To assess accurately and holistically a mentor should be able to assess the student’s competency through measurable assessment tools and to do assessment process accurately (Embo et al 2015). When a mentor is assessing the student accurately he or she is able to identify whether the student may fail at an early stage. A mentor is able to follow the right pathway with the student and university which involves link lecture and personal tutor (Maloney et al 1997). Gope (2015) suggested that assessment can also be opportunity to identify learning needs and considering the action of achieving
There are several approaches to interpreting assessment results; teachers and trainers should choose those most appropriate one for them in decision making. One common approach is to compare students against their peers. But often it's more appropriate to base a judgment on a standard .This standards-based approach is particularly appropriate when the student must meet certain criteria in order to progress to the next course or be certified. 7. Evaluate the outcomes of the assessments.
By incorporating the Myers-Briggs Type Indicator, faculty can layer this assessment with Socialization and Jablin’s Model of Organizational Assimilation (1987, 2001) to help develop and increase student retention/involvement in the classroom. By analyzing students sense-making (Weick, 1995), faculty can have a greater appreciation of what their students are thinking when they first begin class. Faculty will also have a better opportunity of addressing student concerns such as cultural accountability and meeting their educational needs in a communication style that is effective and understandable to each
This suggests that in order to expand in our field we should learn from our experiences by thinking about them using models of reflection. There are numerous reasons why pondering on different occurrences can be a positive experience, they can be useful when dealing with a challenging situation, this can help the practitioner contemplate and give the situation some thought before handling it, this is most common as one may reflect on a previous argument with a co-worker this would give the chance to face our feelings about the experience. For instance, if a senior member of staff asked an undergraduate student for a favour which perhaps included making a display board for the parents to see when they would walk in the student would feel very uncomfortable doing this task because it takes a lot of responsibility and it is very time-consuming, being only a student most would use a positive face and agree to do this task in order to demonstrate that they could accomplish this. However, after they would reflect on how they felt about this and possibly react differently. If the student felt too under pressure next time they should have simply declined politely, instead the student used Politeness theory, a theory by Brown and Levinson
(Ritualo, 2000). This work would serve educators, particularly in assessing students, Supervisors and Curriculum Planners to find understanding the outcome of assessment (traditional and authentic) on science appreciative and learning conclusions of scholars. Classroom assessment practices are based on teacher beliefs, training, knowledge and skills in educational assessment. Understanding teachers’ classroom assessment practices remains pivotal for informed educational decisions that can be made about students’ learning outcomes. The results of this study may provide valuable insights for understanding teachers’ classroom assessment practices and needs for teachers in and other parts of the world.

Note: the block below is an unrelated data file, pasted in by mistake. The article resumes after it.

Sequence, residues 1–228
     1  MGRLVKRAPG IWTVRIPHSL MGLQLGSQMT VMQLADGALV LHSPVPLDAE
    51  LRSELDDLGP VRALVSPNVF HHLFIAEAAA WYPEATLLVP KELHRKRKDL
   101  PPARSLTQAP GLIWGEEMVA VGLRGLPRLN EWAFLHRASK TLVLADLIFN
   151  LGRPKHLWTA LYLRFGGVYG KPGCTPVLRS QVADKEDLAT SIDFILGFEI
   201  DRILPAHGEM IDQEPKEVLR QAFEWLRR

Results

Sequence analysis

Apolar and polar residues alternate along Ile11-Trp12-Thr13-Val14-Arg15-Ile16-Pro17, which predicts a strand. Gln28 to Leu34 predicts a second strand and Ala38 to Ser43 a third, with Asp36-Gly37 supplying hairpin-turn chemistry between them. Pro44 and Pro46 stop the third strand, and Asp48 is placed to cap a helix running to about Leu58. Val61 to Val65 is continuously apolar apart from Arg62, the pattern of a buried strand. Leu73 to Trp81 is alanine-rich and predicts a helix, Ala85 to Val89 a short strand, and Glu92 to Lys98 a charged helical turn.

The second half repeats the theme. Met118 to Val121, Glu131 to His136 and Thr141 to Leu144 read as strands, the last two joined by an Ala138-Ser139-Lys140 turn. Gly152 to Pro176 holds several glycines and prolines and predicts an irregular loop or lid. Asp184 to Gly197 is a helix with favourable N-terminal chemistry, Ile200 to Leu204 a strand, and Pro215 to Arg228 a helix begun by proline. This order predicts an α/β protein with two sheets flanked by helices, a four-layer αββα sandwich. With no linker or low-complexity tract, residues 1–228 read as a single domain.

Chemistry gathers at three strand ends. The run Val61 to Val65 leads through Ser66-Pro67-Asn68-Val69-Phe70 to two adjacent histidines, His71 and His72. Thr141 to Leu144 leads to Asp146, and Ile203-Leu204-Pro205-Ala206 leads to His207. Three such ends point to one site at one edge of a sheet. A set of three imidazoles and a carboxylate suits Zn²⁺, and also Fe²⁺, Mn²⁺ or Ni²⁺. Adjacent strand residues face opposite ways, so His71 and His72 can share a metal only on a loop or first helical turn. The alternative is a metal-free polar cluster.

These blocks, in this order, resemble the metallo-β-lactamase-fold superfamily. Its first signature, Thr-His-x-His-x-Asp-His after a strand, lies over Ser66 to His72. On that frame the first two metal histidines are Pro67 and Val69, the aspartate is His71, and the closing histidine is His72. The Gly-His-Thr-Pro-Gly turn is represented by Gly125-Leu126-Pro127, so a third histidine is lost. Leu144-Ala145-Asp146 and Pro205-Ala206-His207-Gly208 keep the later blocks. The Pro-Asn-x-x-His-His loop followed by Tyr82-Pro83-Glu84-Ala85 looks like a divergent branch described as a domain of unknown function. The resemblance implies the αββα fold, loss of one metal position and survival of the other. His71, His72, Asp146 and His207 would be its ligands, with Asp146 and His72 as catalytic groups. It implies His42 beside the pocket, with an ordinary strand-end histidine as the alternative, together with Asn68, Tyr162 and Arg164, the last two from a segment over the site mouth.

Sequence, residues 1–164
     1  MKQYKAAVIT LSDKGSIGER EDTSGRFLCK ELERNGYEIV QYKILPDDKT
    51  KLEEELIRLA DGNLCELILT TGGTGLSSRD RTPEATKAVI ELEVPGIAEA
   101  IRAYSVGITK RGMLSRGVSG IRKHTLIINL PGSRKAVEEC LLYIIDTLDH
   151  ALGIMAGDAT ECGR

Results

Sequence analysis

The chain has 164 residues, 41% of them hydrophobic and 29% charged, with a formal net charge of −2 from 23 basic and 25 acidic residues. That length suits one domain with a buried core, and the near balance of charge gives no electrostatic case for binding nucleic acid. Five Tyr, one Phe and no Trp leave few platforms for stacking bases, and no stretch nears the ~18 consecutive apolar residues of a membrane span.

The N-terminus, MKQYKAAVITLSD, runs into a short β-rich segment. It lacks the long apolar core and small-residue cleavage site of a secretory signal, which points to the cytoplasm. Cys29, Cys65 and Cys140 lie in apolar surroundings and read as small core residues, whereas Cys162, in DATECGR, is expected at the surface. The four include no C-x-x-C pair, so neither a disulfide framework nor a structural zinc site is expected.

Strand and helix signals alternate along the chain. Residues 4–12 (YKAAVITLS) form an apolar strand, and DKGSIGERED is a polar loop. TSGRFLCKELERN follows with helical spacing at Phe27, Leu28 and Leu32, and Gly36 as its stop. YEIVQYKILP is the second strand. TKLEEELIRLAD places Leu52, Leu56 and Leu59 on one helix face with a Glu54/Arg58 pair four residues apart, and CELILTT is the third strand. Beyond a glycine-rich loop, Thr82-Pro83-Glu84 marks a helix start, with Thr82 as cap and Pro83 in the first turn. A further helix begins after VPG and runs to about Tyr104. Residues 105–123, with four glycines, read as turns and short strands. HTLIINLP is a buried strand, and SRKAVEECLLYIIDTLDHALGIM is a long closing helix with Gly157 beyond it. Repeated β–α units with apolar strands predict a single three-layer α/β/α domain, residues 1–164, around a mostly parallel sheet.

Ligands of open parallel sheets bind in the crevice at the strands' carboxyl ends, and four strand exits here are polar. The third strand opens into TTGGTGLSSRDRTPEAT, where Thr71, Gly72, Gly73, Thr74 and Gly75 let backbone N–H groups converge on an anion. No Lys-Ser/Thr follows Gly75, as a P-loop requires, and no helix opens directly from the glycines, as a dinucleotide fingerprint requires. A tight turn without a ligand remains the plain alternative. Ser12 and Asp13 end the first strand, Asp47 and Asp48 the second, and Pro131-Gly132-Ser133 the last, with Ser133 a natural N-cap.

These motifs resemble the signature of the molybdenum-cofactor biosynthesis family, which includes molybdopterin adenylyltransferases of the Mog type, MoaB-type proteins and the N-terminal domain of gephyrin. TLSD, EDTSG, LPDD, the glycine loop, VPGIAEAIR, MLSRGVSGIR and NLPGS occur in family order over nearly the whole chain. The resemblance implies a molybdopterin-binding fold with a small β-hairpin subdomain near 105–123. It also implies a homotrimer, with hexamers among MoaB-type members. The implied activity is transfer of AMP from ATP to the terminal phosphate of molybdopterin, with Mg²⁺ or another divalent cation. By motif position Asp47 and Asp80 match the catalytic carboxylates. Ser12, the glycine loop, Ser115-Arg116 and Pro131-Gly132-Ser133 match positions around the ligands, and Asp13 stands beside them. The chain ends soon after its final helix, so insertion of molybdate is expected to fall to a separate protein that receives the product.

There are two approaches according to Spady, the traditional and transformational. The traditional approach emphasizes students’ mastery of content some cross discipline outcomes like the ability to solve problems or to work cooperatively, whereas, the transformational approach emphasizes longterm, cross-curricular outcomes that are related directly to students’ future life roles such as being a productive worker or a responsible citizen or parent. The approaches mentioned strongly suggest the use of authentic assessment methodologies in the various
In an ideal family system, boundaries should be a mixture of both rigid and diffuse allowing for easy contact for support as well as independence. Goals and Techniques of Structural Family Therapy The primary goal of SFT is to bring about structural changes within the family system. This is achieved by modifying the family’s way of interacting and developing appropriate boundaries. Another goal is to create an effective hierarchical structure where parents are in charge of their children. The functions of the therapist are to: • Join the family in a position of leadership so that it is active and involved.
A recurring line that Cooper emphasizes throughout his work is that schools and teachers must maximize learning for all students. What is the purpose of differentiation if it is not to benefit the students potential for greatness? Cooper uses language for mixed readers, his content is either review for those who have heard this information before, but need a new perspective and those who are learning this material for the first time. He dissects differentiation into digestible parts, and key components. Mainly discussing and evaluating the three basis of differentiation: readiness, interest, and learning
For a teacher to be successful assessors, a deep understanding of assessments needs to be developed, and the following questions are able to be answered: why do assessments; when to do assessments; and how to assess in ways that have an impact on students learning in a positive way. Once a teacher has the knowledge to make meaningful decisions based on these questions, assessments that are planned, designed and implemented can be used to provide formative, meaningful information and support learning